By "plastic" Chuck means a thin sheet of plexiglass. It won't stick to the epoxy, and it leaves a glass-smooth surface.

By "position you want them", he means proper alignment. This is a bit difficult to explain without graphics, but is extremely important. When joining two pieces of long, thin panels, you HAVE to have the joint at exactly the correct angle. That should be, but may not be, with the two edges even up against each other.

A far more accurate way is to know the offset or curvature needed for the final panel. I think that Matt Langenfeld (JEM Watercraft) has some assistance for you on this.

Another area to beware of is when turning the once-joined panels over to glass the second side. This panel, now very long and thin, is very susceptible to breaking the half of a joint just completed. Use two people, and great care when turning over the long panel the first time.

I've used the 6" wide piece of plywood as a butt block because it adds strength to a joint. Joinery is a fine art. Joints, when compared to the parent material, will have one of three characteristics: weaker, heavier, or both.
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Postby hairymick » Sun Jun 24, 2007 6:28 pm

Mike,

While everything Jack said is correct and very important, especially on something more complicated than a UJ pirogue.

There are some differences, specific to a UJ pirogue.

1. The bottoms of your side panels are flat and straight. When you do your joint, all you need to do to ensure accuracy of panel alignment is to ensure that the bottoms of the panels when joined make a straight line. :D

2. With the bottom of the boat. the UJ way is to join the two sheets together and then lay it on the assemped sides and THEN mark round the hull to get the correct bottom shape.

About the only thing you need to align is the join in the bottom sheets with the join in the sides. Even this is not critical. It just makes it look better.
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Postby Kayak Jack » Sun Jun 24, 2007 6:40 pm

Yep, Mick's right. I was talking about joining two panels that would make one, say 15' long and 4"-6" wide. Alignment is much easier if the joint is a few feet across. Thanks, Mick.
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Postby oldsparkey » Sun Jun 24, 2007 7:55 pm

Jack corrected a couple of items I was not that clear on when explaining them. So let me correct what Jack said on a few items.... Since I have made 5 of the pirogues....... One was out of Red Wood Strips ( 144 of those strips ) the rest plywood.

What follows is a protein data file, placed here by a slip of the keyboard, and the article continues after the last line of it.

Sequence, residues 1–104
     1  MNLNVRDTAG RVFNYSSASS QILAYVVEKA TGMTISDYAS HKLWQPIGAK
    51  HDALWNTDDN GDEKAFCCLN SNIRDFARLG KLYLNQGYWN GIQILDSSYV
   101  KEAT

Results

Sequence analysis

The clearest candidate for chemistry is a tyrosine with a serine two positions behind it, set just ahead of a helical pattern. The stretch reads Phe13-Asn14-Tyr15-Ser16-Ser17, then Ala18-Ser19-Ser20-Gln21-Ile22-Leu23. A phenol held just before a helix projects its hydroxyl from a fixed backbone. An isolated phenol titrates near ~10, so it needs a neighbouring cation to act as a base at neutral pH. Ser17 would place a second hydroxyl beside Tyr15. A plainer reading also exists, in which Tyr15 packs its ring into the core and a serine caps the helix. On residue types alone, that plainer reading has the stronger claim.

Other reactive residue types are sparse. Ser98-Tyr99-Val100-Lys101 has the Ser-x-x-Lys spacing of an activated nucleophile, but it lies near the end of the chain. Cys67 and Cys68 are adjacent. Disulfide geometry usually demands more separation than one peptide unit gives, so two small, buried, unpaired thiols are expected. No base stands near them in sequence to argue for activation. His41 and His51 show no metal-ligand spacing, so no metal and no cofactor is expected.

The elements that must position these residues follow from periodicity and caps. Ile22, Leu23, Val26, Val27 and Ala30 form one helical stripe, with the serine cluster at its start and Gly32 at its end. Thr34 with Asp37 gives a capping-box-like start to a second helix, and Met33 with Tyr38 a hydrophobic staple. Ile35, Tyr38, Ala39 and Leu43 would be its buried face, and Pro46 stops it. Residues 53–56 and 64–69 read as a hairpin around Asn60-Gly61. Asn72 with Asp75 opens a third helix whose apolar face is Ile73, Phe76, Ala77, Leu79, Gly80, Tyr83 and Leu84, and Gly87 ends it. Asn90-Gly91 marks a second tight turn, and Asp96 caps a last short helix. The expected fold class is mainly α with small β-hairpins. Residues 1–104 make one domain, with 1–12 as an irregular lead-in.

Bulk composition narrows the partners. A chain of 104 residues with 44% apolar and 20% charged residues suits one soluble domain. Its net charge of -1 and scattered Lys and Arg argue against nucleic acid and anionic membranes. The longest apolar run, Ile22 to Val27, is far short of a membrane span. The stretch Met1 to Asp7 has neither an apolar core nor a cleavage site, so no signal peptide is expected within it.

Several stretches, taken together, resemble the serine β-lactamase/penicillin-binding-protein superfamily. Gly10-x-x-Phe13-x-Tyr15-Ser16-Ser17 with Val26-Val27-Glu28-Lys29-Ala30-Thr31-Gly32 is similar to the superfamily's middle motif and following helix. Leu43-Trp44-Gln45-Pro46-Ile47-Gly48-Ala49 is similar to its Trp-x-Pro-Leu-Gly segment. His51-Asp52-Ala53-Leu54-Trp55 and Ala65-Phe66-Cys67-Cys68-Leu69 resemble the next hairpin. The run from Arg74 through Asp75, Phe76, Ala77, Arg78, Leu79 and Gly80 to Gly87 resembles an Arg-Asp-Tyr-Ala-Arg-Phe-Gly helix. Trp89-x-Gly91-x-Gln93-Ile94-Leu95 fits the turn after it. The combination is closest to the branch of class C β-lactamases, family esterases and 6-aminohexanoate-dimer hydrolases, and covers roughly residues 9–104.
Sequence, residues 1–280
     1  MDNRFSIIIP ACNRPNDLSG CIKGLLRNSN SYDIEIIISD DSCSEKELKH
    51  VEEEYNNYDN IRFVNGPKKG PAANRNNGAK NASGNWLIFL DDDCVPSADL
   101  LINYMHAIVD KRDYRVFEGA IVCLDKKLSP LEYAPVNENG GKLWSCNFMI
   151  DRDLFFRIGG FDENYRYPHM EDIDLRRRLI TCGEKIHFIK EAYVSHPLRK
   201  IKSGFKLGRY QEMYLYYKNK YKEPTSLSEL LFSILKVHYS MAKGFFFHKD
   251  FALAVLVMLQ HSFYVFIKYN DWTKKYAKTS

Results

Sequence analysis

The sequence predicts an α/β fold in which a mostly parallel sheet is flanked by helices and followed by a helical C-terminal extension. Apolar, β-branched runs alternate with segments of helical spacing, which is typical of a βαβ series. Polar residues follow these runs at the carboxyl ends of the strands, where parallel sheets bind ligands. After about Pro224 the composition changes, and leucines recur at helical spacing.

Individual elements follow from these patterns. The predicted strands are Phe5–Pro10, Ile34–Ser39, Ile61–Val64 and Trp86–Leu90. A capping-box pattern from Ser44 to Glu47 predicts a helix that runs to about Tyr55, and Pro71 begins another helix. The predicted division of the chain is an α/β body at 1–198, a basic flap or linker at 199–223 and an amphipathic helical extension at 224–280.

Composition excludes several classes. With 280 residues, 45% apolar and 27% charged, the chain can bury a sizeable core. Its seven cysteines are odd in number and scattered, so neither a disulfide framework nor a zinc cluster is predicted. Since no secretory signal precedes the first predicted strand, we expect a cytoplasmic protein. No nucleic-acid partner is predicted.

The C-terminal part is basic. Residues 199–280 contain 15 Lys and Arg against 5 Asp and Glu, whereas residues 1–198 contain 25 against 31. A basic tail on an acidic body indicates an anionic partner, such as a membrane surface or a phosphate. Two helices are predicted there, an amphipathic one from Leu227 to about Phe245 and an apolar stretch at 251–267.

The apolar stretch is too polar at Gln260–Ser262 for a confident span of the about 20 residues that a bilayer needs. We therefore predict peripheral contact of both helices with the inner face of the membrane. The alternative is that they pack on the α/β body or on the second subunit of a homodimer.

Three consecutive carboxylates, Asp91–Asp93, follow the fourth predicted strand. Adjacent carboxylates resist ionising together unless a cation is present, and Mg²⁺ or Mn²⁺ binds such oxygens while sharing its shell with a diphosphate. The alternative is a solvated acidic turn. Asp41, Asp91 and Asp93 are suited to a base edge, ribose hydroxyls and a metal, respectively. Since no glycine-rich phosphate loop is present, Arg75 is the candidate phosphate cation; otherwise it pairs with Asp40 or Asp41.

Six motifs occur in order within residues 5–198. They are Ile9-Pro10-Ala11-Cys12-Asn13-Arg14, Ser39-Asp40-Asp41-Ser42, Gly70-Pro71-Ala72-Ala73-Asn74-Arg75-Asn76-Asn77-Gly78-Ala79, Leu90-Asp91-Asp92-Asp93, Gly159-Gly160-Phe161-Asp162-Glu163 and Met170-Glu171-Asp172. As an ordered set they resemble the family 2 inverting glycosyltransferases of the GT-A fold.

1... If the side panels are matched evenly then you will not have a problem , you are only making one board out of two of them. Actually you will be taking 6 boards and making three from them. Two side boards and one bottom.

2....There is no need of an offset or any form of curvature when making the pirogue. The curvature comes later when you assemble the pirogue. The end pieces and ribs determine the curvature of the sides and the rocker in the bottom. Everything is straight up to that point.

3.... I have never had a problem with the panel breaking when I turn it over , just be careful with it , place a hand on each side and just roll it over.
A butt joint the way I do it has never broken , scarf joints have. I really do not like the scarf joint , lots of work for something inferior. I need to say they my boats were made from 1/8th inch wood , this is why they weight between 32 to 40 pounds for a 16 footer and doing a scarf joint is next door to useless on wood that thin. All they do is break on me when moving them.

4.... You could use a piece of the plywood to do the butt joint in place of the fiberglass and if you do then angle the bottom of each inside one and the one across the bottom of the boat or you will be cussing a blue streak. plus using 1/4 inch wood you would have a 1/4 gap ( hole for better words) right in the middle of the boat.

When Jack built his Coho by Pygmy boats that was the way John Lockwood (Pygmy Kayaks) said to do it.
Later when I built my Coho the suggested way of doing it was with the fiberglass. That keeps the hump out of the inside center of the boat which the paddler would be sitting on part of it. :roll:

5.... I tried (on some scrap wood ) to break a butt joint with the glass and guess what , the wood outside of the joint broke , the glassed and epoxy saturated portion remained intact.

6.... Epoxy saturating the wood will/can increase the strength of the wood up to 4 times its original strength , then adding glass to it just kicks it up a few more notches.